457 visas were generally granted for four years. For subclass 457 visas granted on or after 19 April 2017, under DIBP policy, the maximum four year visa period will, however, only be available where the primary applicant’s occupation is on the MLTSSL.

For all other applicants where their occupation is not on the MLTSSL, a maximum visa period of two years will be available. This includes primary visa applications, lodged, which are still pending a decision on 19 April 2017. Note: Subsequent entrants (i.e. secondary visa applicants) wanting to join a primary subclass 457 visa holder will not be impacted by this new policy. That is, subsequent entrants can still have their subclass 457 visa ‘match’ the visa period of the primary visa holder – even if this is longer than two years (unless member of family unit extension limits apply).

Further Changes and Key Dates

Further changes will occur on 1 July & 31 December 2017 and 1 March 2018.

What Is Changing for 1 July 2017?

Further changes to the subclass 457 programme are planned for 1 July 2017. These include:

  • possible further adjustments to eligible occupation lists;
  • an expansion of client cohorts for whom mandatory skills assessments are required;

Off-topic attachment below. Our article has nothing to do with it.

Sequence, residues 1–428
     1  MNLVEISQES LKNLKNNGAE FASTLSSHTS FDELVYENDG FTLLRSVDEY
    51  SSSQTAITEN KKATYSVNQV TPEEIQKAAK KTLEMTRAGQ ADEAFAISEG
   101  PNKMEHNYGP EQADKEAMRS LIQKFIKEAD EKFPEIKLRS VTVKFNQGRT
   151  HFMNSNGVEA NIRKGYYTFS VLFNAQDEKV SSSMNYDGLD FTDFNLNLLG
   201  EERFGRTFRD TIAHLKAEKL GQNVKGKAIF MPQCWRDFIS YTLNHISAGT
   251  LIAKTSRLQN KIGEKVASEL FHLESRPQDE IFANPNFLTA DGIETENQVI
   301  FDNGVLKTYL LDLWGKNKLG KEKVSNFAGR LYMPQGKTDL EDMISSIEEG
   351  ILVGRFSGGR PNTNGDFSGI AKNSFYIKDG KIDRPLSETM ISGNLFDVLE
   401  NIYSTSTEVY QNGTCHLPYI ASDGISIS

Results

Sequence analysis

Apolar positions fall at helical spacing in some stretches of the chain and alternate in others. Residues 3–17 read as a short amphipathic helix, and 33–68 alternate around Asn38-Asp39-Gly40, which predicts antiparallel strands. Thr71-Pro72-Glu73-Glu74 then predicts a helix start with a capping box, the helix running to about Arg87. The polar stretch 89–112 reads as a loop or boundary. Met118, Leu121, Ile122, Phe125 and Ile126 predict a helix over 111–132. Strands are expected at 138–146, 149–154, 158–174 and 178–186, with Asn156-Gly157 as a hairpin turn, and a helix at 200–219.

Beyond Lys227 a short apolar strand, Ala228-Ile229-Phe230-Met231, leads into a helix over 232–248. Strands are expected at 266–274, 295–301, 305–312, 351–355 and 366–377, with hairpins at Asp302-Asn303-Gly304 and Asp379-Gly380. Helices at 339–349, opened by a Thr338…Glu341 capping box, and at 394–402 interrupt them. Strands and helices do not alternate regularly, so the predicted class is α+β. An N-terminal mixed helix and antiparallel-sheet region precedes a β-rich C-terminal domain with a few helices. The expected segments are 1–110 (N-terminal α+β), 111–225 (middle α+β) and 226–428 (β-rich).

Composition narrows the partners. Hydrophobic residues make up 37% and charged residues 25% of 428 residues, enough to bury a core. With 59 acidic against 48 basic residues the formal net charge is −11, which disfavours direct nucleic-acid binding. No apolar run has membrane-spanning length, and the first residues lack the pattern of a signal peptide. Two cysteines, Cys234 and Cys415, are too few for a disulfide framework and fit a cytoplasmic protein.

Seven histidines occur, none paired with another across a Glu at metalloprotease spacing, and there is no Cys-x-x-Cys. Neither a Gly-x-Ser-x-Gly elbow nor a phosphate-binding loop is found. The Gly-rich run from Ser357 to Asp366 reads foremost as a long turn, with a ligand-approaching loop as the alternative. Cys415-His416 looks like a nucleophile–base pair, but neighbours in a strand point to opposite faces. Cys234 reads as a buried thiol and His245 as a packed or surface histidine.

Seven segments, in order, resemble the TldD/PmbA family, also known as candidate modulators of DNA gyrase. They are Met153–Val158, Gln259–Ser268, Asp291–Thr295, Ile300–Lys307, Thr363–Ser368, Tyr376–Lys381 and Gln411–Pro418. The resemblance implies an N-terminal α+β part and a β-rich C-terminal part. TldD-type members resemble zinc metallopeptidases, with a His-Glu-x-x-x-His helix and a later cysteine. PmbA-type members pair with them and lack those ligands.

• minor changes to the training benchmarks for subclass 457 sponsors; and
  • subclass 457 programme no longer excluded from standard policy around penal checks – with police certificates required to be provided from countries a visa applicant has lived in as per current policy for other visa subclasses
  • From 1 July 2017 some expect there will be revisions to the occupation lists (DIBP has stated as much already on this point) changes to English language requirements of IELTS (or equivalent test) score of 6.0 in each component and age limit decrease to 45 years old at the time of application for applicants in the 186 (ENS) and 187 (RSMS) Direct Entry stream

Changes by December 2017

Before 31 December 2017, for the existing 457 visa:

  • DIBP will commence the collection of Tax File Numbers for 457 visa holders (and other employer sponsored migrants), and data will be matched with the Australian Tax Office’s records to ensure that visa holders are not paid less than their nominated salary.